DBS – Disclosure and Barring Service. Set up in 2012 to replace the CRB (criminal records bureau), the DBS is in charge of overseeing and processing applications to search individual’s criminal records. The result of a DBS check helps employers and organisations to decide whether people are fit for the role in question, especially if it involves working in contact with vulnerable groups of people. A DBS check can be applied for online through this website.
Domestic Abuse – A term used to describe violent, abusive, or threatening acts or behaviour towards any person over the age of 16.
Enhanced DBS check – The highest level of DBS check, which can be requested alone or with details of the DBS barred list too. An enhanced DBS check reveals spent and unspent conviction, cautions, warnings, reprimands, and any relevant police notes that are kept on file. The type of jobs that require enhanced DBS checks are teachers, doctors, nurses, and care workers.
GDPR – General Data Protection Regulation. GDPR is an EU and EEA law that protects individuals from intrusive data collection or use by organisations. It is relevant to safeguarding as sensitive data may be kept on vulnerable people and needs to be managed in accordance with GDPR guidance.
Harm – Harm refers to any situation or action that can potentially damage or compromise an individual’s physical, emotional, social, or intellectual security or development.
NHS – National Health Service. The NHS provides healthcare to residents of the United Kingdom and accessible to all and free at the point of entry.
Public Interest – A term used to describe whether an action is justified as being beneficial for the public to find out about it or to experience it. In other words whether the action can be considered to have been taken in the “public interest”. The news media follows guidelines that decide whether releasing sensitive information is in the public interest.
Radicalisation – Describes the process of an individual being drawn into a radical and extreme belief system that condones violent or threatening behaviour to achieve a group’s stated cause. For example, a radicalising influence may try to recruit people from vulnerable groups to a hate-fuelled ideology that encourages acts of terrorism. To prevent radicalisation the UK government introduced the PREVENT strategy in 2007 which sets out to stop people being recruited to become a terrorist or support terrorism.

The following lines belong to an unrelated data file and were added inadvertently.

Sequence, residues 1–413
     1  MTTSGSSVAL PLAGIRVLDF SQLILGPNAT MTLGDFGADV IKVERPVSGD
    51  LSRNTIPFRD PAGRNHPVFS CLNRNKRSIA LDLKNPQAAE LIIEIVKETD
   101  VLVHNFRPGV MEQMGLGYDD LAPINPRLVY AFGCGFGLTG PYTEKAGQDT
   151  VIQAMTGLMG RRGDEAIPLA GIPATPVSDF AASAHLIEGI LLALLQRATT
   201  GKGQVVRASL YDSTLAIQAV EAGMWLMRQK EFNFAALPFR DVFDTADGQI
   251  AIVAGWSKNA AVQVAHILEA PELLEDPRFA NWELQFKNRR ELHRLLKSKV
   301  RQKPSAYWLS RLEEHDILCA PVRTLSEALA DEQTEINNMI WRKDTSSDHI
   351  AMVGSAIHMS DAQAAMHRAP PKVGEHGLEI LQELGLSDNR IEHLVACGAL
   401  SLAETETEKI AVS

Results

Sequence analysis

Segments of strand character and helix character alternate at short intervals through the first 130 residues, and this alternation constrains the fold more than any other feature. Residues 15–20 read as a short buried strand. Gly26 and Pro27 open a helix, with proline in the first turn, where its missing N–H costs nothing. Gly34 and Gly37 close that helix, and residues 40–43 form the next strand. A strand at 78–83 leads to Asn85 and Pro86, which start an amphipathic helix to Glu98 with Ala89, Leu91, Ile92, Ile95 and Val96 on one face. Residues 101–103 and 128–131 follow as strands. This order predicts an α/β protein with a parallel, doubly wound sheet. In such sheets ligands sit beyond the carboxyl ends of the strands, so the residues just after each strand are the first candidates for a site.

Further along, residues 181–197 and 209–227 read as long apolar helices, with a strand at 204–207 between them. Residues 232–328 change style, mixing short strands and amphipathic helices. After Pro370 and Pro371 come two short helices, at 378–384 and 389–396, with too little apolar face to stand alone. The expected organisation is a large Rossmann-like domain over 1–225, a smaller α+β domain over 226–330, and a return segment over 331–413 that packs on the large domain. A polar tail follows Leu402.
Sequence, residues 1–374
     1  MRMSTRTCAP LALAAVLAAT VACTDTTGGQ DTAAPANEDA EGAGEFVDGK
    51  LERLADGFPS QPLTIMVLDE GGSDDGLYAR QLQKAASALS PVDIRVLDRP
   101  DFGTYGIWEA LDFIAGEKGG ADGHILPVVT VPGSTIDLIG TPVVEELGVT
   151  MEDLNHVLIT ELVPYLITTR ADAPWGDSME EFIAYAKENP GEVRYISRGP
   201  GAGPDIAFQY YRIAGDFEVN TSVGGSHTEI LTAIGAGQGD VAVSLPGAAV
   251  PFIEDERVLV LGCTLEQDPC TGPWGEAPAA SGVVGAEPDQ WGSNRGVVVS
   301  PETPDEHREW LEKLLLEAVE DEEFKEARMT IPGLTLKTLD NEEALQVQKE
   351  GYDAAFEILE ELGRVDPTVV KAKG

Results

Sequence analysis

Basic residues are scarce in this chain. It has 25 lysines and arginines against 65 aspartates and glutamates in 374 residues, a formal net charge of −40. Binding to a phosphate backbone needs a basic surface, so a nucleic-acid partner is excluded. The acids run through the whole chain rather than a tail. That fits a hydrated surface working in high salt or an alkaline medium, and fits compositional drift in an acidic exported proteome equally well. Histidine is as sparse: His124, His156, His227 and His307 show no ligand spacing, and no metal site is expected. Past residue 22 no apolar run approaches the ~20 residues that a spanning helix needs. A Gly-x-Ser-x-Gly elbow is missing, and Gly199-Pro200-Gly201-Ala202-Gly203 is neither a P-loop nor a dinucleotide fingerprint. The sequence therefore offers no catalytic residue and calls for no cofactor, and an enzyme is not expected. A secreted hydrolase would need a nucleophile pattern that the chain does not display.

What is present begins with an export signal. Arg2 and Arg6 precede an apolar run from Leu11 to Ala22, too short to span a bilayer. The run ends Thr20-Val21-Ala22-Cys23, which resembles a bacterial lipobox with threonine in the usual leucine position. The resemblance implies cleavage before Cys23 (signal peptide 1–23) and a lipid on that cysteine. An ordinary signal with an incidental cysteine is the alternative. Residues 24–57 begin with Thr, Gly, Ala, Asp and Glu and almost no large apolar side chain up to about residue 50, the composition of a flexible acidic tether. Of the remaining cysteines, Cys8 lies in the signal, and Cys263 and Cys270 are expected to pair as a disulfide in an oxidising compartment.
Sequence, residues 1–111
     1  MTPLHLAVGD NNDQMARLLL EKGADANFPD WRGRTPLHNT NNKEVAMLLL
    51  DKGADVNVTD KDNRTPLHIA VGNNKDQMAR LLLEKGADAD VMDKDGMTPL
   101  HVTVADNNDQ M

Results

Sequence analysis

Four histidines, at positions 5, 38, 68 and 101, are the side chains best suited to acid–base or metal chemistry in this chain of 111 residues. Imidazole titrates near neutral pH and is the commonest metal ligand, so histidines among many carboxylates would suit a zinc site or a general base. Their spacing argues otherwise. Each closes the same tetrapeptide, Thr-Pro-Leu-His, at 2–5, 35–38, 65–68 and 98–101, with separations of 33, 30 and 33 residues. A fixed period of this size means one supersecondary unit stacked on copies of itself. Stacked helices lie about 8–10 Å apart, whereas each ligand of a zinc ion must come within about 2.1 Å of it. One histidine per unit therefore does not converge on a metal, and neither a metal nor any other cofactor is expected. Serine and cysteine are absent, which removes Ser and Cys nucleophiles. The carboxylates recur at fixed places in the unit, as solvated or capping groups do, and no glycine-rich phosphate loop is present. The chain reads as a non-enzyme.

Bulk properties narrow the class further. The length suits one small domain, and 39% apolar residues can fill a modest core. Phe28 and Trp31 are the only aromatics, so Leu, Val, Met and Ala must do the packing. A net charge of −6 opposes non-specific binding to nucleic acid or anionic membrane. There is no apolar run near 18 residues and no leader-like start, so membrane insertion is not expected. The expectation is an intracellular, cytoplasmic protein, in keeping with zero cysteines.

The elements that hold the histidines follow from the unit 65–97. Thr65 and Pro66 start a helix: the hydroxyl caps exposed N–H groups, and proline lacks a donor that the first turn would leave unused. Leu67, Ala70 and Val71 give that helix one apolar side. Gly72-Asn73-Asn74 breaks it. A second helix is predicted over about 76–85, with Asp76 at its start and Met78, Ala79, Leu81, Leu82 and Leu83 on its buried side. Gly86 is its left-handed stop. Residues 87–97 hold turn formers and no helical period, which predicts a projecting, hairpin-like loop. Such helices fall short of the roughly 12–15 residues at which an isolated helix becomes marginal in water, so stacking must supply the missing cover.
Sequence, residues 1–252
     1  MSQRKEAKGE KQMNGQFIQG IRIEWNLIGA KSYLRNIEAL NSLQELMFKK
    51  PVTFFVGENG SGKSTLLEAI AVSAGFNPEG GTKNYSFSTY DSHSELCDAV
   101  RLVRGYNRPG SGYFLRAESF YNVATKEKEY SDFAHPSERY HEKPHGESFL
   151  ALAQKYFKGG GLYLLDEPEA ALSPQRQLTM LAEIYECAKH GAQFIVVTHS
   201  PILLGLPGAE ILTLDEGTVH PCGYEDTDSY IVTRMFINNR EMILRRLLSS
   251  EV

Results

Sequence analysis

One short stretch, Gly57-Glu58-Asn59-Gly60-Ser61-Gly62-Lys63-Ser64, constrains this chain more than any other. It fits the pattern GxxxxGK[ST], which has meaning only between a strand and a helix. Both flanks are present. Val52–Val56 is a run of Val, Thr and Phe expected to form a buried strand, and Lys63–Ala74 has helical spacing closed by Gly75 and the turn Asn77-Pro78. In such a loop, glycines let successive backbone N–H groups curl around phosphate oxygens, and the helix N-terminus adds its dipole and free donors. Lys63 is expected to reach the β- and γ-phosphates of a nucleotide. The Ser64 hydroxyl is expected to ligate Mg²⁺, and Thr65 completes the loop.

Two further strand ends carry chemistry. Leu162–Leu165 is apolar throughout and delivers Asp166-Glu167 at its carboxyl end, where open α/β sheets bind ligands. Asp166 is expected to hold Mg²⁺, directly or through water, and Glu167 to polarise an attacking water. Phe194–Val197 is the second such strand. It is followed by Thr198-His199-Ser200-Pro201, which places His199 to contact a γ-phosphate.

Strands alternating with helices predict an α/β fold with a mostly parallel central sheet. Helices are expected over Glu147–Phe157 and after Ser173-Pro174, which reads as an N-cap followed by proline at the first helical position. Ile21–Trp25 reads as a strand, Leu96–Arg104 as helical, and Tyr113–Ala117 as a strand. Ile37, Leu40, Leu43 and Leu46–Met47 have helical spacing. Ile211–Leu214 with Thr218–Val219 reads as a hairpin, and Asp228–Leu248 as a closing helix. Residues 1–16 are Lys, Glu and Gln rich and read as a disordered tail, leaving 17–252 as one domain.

Referral – The next stage after an alert has been raised. The alert is escalated to a referral after an initial assessment has determined that there is a safeguarding issue.
Safeguarding – A term that covers all and any activities related to protecting an individual’s right to safety and security.
Safeguarding enquiry – Also known as a “section 42 enquiry” after section 42 of the Care Act 2014, a safeguarding enquiry is undertaken by the local authority in response to a claim of abuse or neglect in a care facility. The enquiry may involve an interview with the vulnerable adult or child or their advocate. Based on this conversation a decision will be made whether to escalate the enquiry to a full-blown multi-agency plan.
Standard DBS Check – A mid-level DBS check that provides details on spent and unspent conviction, warnings, reprimands and cautions. A standard DBS check must be requested on behalf of an individual by an organisation and can be applied for online.
Vital Interests – A term to describe the sharing and dissemination of private data and information when it is imperative to protect an individual or group from serious harm, distress, or threat to their lives.
Willful Neglect or Ill Treatment – Describes the intentional failure to provide adequate care to a vulnerable person.